Dublin in the summer of 1905 felt like a very British city. Yes, you were in Ireland, but British rule in Ireland, and particularly Dublin, would have felt very secure.
Had anyone suggested that, within little more than a decade, there would be a bloody rising, leading to a war of independence and culminating in the Free State, you would probably have laughed off their forecast as the deluded dream of extreme nationalists.
In the summer of 2005, anyone suggesting that Europe in general, and Germany in particular, might revisit the path that led to the rise of Hitler, could be similarly dismissed. Yet, on closer inspection, remarkable trends have emerged in Europe over the past few months which indicate that populism could resurface quite easily.
In France and the Netherlands, the No votes to the European constitution were a warning, but the recent political developments in Germany – where a populist protest party formed three weeks ago is registering 12 per cent at the polls – are much more telling.
Germany votes on September 16.Until a few weeks ago, it was expected that this would result in either the centre-right or the centre-left winning, but from nowhere, a party with the loose description of Der Linkspar, or Left Party, has elbowed its way into the reckoning.
The Linkspar is the brainchild of the former leader of the East German communist party, Gregor Gysi, and the former firebrand of the Social Democrat Party, Oskar Lafontaine. Both are eloquent orators and are using ordinary Germans’ main fears – unemployment and foreigners – to galvanise voters.
Neither man has a clear agenda, but their platform is a hodge-podge of issues designed to push plenty of old-fashioned populist buttons.
All the usual suspects are in the mix, from the far-left favourite of higher taxes on business, to the far-right gem of blaming foreigners for stealing German jobs one day, to banning foreign speculators from taking over German companies the next. Last week, it was a defence of Iran’s right to develop nuclear weapons against the US/Israeli alliance in the Middle East, and an adoption of the slogans of the anti-globalisation movements.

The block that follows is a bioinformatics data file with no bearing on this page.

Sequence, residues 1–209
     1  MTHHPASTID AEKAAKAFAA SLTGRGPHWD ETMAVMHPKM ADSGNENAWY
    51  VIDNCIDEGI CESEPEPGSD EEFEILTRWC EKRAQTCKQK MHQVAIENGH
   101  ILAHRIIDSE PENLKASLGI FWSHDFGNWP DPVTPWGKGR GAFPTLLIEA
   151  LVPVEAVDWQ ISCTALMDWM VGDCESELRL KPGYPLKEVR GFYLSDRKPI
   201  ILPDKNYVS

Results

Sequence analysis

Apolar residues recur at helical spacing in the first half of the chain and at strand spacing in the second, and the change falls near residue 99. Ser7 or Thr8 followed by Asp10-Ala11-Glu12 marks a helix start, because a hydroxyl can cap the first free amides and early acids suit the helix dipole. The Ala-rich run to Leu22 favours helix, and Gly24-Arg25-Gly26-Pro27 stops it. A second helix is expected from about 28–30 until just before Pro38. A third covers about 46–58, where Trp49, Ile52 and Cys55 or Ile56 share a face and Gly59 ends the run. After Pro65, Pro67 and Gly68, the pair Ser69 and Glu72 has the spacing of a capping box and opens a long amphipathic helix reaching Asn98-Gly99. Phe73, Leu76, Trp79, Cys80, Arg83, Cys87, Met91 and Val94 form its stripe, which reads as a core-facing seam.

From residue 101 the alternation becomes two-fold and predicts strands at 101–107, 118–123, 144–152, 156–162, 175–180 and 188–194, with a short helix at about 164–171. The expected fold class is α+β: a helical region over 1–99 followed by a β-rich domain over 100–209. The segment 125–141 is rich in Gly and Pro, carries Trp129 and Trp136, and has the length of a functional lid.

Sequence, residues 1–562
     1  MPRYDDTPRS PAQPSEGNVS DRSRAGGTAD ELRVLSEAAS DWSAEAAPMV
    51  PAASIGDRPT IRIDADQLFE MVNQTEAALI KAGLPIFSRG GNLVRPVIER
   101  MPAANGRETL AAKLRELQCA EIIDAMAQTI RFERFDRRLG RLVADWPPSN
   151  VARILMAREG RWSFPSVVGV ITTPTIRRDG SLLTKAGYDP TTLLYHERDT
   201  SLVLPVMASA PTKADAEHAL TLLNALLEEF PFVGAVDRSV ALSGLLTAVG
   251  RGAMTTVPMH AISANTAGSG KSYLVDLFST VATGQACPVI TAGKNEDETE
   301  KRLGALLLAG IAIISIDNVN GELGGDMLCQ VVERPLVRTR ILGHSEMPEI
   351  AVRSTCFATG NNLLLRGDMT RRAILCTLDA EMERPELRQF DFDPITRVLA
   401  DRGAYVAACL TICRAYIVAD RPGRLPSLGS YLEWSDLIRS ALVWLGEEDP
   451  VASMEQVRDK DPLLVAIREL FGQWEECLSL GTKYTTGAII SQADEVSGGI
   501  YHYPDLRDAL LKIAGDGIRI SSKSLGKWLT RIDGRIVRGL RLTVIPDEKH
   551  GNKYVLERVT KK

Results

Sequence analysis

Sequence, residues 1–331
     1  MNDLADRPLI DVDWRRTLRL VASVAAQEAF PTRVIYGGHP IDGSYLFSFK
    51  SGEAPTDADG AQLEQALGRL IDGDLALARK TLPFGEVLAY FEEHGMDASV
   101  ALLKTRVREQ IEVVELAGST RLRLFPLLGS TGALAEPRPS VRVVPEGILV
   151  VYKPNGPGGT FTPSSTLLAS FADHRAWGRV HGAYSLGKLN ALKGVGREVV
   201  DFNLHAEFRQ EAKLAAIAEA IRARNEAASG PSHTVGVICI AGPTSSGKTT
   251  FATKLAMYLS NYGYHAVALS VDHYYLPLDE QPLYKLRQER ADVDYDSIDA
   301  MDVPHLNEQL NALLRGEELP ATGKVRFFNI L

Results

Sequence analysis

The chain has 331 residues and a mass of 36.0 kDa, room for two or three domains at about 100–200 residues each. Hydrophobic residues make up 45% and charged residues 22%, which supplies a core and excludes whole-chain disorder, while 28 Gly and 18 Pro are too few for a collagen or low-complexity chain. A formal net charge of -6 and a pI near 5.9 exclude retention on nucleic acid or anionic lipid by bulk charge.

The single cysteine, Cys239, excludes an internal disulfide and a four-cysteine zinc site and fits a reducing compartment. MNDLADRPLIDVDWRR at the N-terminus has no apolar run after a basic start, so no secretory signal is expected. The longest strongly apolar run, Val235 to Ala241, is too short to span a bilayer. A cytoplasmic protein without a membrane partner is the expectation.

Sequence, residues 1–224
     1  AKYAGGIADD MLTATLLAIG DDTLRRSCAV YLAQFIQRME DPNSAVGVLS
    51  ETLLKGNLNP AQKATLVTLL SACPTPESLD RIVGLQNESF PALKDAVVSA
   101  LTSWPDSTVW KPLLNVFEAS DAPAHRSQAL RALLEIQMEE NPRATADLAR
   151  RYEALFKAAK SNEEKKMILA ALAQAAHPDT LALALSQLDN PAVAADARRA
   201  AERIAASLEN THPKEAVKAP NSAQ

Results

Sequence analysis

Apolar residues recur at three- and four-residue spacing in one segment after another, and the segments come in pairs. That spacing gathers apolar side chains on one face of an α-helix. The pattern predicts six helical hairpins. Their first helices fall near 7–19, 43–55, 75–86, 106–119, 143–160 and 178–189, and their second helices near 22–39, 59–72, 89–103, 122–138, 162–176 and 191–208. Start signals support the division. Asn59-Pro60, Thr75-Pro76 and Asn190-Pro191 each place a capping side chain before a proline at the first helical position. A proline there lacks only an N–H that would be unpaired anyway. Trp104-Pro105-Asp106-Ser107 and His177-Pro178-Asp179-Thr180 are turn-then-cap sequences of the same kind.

Despite the strong impression that the Linkspartie is making it up as it goes along, Europe’s most educated electorate is responding. Why?
An unexpected place to start explaining why Germans would support a mix of protectionism at home and anti-Americanism abroad is China. China is changing the economic landscape for everyone, but it is threatening Germany more than any other country in Europe.
The reason is that Germany is the world’s pre-eminent exporter of manufactured goods.
Despite years of high costs, Germany has managed to retain its dominance across a variety of areas. This means Germany has much to lose from China’s emergence as the workshop of the world.
But, unlike the US, which has an enormous trade and current account deficit that prompts regular China-bashing from political and corporate leaders, Germany’s trade account is in enormous surplus, so the threat from China is not well signposted or understood.
This opacity is the nub of Germany’s problem, even though China’s threat to Germany is being felt in the more politically sensitive arena of unemployment.